Pennsylvania governor pushing for universal background checks

Wolf, flanked by acting State Police Commissioner Lt. Col. Robert Evanchick, announced a move to bring more background checks to Pennsylvania this week. (Photo: Wolf’s Office)

Gov. Tom Wolf, a Democrat, and state lawmakers are embarking on a move to expand background checks to all gun transfers in the Keystone State.

Wolf announced the initiative in a press conference Monday in conjunction with the Pennsylvania State Police to close what he termed “dangerous loopholes” in state law that allowed some guns to change hands, such in private face-to-face rifle sales, without background checks completed by state authorities.

“We should pass legislation that requires all those who wish to purchase a firearm to go through a State Police background check; universal background checks are one of the best ways we can keep weapons out of the hands of dangerous individuals,” Wolf said.

The move would increase the burden on the state’s already controversial background check service. Surveys show that private gun sales account for as much as 13 percent of all firearm transactions.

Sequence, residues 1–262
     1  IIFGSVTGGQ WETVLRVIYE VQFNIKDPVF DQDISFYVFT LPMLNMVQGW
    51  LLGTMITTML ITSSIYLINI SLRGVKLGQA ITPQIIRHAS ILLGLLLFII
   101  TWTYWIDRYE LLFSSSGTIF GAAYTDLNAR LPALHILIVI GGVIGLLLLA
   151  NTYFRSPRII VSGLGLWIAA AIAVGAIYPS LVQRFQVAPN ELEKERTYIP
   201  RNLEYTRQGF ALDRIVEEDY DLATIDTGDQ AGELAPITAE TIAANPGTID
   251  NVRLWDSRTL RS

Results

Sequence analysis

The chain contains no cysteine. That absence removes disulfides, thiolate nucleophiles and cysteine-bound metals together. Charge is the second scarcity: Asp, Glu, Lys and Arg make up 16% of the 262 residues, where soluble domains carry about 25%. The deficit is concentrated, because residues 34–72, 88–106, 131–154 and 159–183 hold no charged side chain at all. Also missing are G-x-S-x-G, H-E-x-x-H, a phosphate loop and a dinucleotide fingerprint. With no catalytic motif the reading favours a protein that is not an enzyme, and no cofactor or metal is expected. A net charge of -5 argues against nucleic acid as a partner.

Most states since 1998 have relied on the FBI’s National Instant Criminal Background Check System alone to conduct background checks. A minority of states — Pennsylvania included — are what is known as “Point of Contact” states, with local authorities, typically using the NICS database in part, to clear checks on gun sales. The Commonwealth uses what is termed the Pennsylvania Instant Check System for both licensed over the counter gun sales and when clearing applicants for a concealed carry permit. PICS is often characterized by opponents as troublesome, drawing millions from the state’s coffers while delaying gun transfers as much as 15 days and has been subject to lengthy outages in the past. In comparison, the NICS process allows gun dealers to proceed with a transfer after a maximum of three days.

Still, acting State Police Commissioner Lt. Col. Robert Evanchick is in favor of upping the load on PICS in the interest of public safety. “In the commonwealth, a firearms transaction between two private parties does not require a background check if the firearm falls within certain criteria,” Evanchick said. “It is this void in the current law we are in support of changing. The Pennsylvania State Police encourages closing this void in the current law and requests that all firearm purchases and or transfer of ownership require a universal background check.”

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